UNION CITY, NJ — A Sunday brush fire near a Union City homeless encampment has residents concerned.
The blaze was spotted along the palisades of Hudson County just after 5 p.m. News of the blaze, which quickly spread in the heavily-wooded area, gave residents like Dominic Umbro a bit of a scare.
“It’s actually pretty scary,” he told PIX11. “I’ve walked down this ramp a few times and I’ve noticed tents and whatnot and I have noticed the community there.”
Umbro is referring to the a homeless encampment, which, for the past two decades, has taken up residence with tents and makeshift sheds on the picturesque cliffside.
Despite Hudson County fire officials deeming the blaze a mere brush fire that’s not under investigation, residents believe it was the result of the encampment’s occupancy.
“There’s probably like a fire a year from under there,” longtime Union City resident Kevin Cocca said.
Cocca has lived in a nearby high-rise since 2002 and, according to him, residents in his building have made numerous complaints to the city about the activity at the encampment, which includes bonfires, but not much has been done to fix it.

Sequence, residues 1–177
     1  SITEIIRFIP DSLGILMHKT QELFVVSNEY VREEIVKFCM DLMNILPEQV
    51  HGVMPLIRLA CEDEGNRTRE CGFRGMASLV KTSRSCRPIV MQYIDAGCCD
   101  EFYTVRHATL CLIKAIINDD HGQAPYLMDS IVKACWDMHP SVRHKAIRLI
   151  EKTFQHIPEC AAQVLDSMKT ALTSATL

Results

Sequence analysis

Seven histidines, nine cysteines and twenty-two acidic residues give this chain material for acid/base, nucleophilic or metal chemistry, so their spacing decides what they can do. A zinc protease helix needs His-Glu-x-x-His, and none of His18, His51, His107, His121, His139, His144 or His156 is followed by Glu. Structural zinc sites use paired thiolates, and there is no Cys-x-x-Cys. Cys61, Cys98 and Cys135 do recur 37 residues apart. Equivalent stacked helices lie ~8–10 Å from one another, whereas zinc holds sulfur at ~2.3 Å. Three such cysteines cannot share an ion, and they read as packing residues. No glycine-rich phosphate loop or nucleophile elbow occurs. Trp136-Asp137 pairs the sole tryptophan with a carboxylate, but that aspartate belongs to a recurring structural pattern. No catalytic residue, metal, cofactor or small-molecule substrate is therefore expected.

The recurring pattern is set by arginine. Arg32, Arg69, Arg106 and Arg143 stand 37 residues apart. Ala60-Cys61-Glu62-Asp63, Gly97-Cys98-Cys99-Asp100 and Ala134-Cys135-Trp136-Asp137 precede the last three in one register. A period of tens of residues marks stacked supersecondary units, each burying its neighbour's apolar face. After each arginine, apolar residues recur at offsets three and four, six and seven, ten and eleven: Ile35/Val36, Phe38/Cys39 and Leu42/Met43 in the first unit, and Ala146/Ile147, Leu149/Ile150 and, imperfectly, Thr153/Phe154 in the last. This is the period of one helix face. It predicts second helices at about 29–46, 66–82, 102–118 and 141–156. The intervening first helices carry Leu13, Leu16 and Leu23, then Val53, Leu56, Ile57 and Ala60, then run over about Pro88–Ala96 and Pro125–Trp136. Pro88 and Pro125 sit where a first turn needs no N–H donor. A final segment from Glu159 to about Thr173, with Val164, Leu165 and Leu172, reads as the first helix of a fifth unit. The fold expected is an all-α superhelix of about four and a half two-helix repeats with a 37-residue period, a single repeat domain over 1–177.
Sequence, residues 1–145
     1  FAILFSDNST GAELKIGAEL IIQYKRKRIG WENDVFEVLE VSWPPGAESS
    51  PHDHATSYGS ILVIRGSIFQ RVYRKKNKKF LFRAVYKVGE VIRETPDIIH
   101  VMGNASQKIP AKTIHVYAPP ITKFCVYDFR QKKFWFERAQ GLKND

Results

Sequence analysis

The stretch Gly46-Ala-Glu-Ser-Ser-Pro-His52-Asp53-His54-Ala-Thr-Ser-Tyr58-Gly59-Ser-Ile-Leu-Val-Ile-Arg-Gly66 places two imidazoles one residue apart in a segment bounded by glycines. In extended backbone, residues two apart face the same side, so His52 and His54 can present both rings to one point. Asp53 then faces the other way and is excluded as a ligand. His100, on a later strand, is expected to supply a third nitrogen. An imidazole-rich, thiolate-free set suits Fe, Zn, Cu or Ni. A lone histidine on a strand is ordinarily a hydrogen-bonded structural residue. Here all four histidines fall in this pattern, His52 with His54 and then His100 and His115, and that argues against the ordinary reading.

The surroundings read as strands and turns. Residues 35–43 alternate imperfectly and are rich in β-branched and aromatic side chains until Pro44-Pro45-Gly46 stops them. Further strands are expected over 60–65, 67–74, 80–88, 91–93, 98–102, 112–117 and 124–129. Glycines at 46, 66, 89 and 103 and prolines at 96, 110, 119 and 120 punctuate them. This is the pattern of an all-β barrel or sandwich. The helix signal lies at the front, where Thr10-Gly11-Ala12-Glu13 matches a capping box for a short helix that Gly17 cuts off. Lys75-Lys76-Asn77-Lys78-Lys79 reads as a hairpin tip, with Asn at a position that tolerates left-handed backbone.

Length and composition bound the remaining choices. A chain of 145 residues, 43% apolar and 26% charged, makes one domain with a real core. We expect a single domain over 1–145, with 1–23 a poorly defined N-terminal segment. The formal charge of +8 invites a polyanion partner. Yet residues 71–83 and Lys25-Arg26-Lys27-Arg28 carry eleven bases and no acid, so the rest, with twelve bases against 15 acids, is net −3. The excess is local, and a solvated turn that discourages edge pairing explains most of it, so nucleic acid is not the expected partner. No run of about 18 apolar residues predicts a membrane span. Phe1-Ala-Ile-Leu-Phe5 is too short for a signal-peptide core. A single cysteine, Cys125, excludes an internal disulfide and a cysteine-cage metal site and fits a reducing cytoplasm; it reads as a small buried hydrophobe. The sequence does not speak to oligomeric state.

“Are they starting a fire to stay warm, are they trying to destroy paraphernalia or stuff like that,” he said. “I think we have the right to know – this is our home and we have the right to be safe and feel safe.”
The swath of land in question falls on the border of Union City and Jersey City. Mayors for both cities tell PIX11 over the years they have done as much as they can to help the individuals living in the encampment find shelter.
Authorities from both municipalities even periodically conduct well visits on the homeless, providing food and blankets as well as offering to relocate them to nearby shelters.
Their hands are tied, however, when it comes to forcing them out as being homeless is not illegal.
A spokesperson for Union City Mayor Brian Stack said he along with Jersey City Mayor Steven Fulop are aware of residents’ concerns and both are currently working on a long-term solution.
They urge residents with concerns about the encampment to call the city, something many did following Sunday’s blaze.
Cocca says he hopes officials can step up their response to the growing problem before it gets worse.
“These winters are cold – I don’t want them to find frozen people down there,” he said.